Tuesday, 29 April 2008

Happy Sundays

Sunday started with floods of tears and deep, deep sadness. In fact, I don’t think I’ve cried so hard in quite a while. Certainly not this year. I’m almost embarrassed to share this, but… well, the reason I was crying so hard was… there’s no easy way to say this so I’m just going to spit it out. Stepmom. I watched Stepmom on TV. God. I almost passed out toward the end. Couldn’t get my breath. It was like Terms of Endearment all over again.

I’m not proud.

Then I went to bed, still feeling rather emotional, and I daydreamed vigorously into an old pair of briefs.

Then on Sunday morning proper I cleaned the flat from top to tail, just in case, then went out to meet Sally at the British Museum. Was it a date? I assumed I’d find out sooner or later.

We hugged hello, then went to the café inside the museum for a coffee. Sally had read Friday’s blog entry, and the accompanying comments. ‘It’s a bit like living in The Truman Show,’ she said. She said that reading other people’s interpretations of her life gave her the fleeting desire to start her own blog, so that she could have her say. Together we imagined a world in the near future where people no longer spoke in real life, choosing instead to communicate solely through their blogs. She said something about it being really rather tragic that some people are prepared to say things anonymously online that they don’t dare say in real life. I agreed. Then I realised she was being rather pointed. ‘Ah,’ I said. ‘So is this a date or what?’

She laughed. ‘That’s more like it,’ she said. ‘That’s what I’m talking about. A bit of balls. A nice bit of spunk.’

‘Balls and spunk,’ I repeated. ‘Is that what you’re talking about?’

She nodded enthusiastically, her silver eyes flashing like tiny trophies in the sun. ‘Balls and spunk,’ she said, looking into my eyes. ‘Man spunk,’ she added. ‘So,’ she said. ‘Have you got an erection right now?’

‘Raging,’ I replied. ‘Do you have any plans to actually answer my question or not?’

She smiled and nodded. ‘Sorry, yes. Um… I don’t know what this is. I like you a lot and I like spending time with you. Which is why we’re here, right?’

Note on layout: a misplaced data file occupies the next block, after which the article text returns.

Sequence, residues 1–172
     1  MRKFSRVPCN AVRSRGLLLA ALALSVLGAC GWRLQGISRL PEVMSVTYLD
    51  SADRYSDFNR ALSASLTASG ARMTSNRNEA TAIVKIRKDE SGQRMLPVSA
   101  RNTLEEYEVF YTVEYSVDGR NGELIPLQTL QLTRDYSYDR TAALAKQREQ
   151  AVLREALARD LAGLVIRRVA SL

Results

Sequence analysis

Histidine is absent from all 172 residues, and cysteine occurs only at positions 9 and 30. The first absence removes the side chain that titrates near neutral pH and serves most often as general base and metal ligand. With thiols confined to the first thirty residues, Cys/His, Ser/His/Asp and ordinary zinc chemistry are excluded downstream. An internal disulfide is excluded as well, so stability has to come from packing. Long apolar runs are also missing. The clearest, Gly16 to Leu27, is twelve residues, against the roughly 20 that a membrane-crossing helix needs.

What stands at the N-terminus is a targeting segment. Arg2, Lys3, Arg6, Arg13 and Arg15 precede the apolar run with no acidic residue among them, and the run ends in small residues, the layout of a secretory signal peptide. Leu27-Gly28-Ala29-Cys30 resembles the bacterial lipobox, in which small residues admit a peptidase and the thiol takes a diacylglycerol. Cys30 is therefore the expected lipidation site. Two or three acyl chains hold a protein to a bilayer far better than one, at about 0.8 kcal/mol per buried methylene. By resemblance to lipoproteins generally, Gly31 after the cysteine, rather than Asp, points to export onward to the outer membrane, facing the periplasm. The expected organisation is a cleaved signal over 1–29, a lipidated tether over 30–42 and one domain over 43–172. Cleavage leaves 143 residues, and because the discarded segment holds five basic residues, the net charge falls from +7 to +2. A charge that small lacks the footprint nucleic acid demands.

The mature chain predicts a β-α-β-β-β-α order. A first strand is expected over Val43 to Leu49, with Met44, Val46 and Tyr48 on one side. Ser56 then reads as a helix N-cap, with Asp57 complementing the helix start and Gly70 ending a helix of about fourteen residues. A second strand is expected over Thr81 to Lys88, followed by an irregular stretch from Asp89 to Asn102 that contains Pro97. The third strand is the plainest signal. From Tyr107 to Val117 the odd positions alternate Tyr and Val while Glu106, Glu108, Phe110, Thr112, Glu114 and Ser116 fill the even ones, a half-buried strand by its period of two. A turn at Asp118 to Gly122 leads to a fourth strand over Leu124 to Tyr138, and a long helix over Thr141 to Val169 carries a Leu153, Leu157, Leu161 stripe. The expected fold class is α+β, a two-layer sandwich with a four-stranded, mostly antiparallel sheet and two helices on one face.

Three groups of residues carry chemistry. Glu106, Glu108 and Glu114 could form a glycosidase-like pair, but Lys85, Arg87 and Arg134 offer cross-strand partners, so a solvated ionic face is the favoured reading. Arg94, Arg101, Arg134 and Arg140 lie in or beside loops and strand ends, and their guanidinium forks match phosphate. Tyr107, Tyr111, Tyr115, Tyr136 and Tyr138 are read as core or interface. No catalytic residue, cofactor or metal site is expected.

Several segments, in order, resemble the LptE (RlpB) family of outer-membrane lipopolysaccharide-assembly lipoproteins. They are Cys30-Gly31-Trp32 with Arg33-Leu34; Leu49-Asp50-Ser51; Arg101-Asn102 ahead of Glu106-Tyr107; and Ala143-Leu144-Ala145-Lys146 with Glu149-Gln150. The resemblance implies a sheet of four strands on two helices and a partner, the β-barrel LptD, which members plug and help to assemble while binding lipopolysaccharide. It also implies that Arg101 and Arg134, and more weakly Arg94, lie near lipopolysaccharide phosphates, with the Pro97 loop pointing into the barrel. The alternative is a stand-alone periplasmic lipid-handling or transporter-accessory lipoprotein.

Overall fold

‘Sure,’ I said. ‘Spending time.’ (Vincent Gallo, Buffalo 66.) ‘Spending time.’

‘I don’t fancy you at the moment, if I might be brutally honest.’ I winced. ‘But maybe that will come in time. I’m a great believer that physical attraction is something that can grow. And it already has grown to some extent. You know? What do you think?’

What I thought was that even if nothing ever happens between us, she’s great fun, and gorgeous to boot, and I’d be insane not to want to spend time with her, given the opportunity. I told her I thought she was lovely. She told me she thought I was lovely too, and ever so gently, she touched the side of my face, elbows and all. Ever so gently, I raised the table we were sitting at with my knees, as if to suggest that I had some kind of bionic penis.

Sally laughed. And called me a dirty old man.

Then we finished our coffee and with the words, ‘Come and have a look at my etchings’, Sally took me to upstairs to The American Scene :: Prints From Hopper to Pollock.

At this point I should perhaps mention in passing how much I love London. I really couldn’t imagine living anywhere else in this country. I know there are great museums all over the country, but obviously nowhere near as many, and frankly, most of them probably nowhere near as good. This exhibition at the British Museum was fantastic and – amazingly – it was free. (I love free things. Even things I really don’t want – if they’re free, I can’t help but embrace them.)

Sally is something of an expert when it comes to art. Although photography is her bag, she also knows rather a lot (certainly more than me) about other media. So it was great seeing this exhibition with her, as she was able to explain to me how the prints and the etchings we were looking at were made, which certainly added to my enjoyment. Even without a knowledgeable sex kitten to guide you however, it’s a great exhibition. Look at these:

It’s a good size too, so that even if you really take your time, it’s not going to eat up more than a couple of hours of your day. (Because let’s face it, art’s all very well but it shouldn’t get in the way of real life.)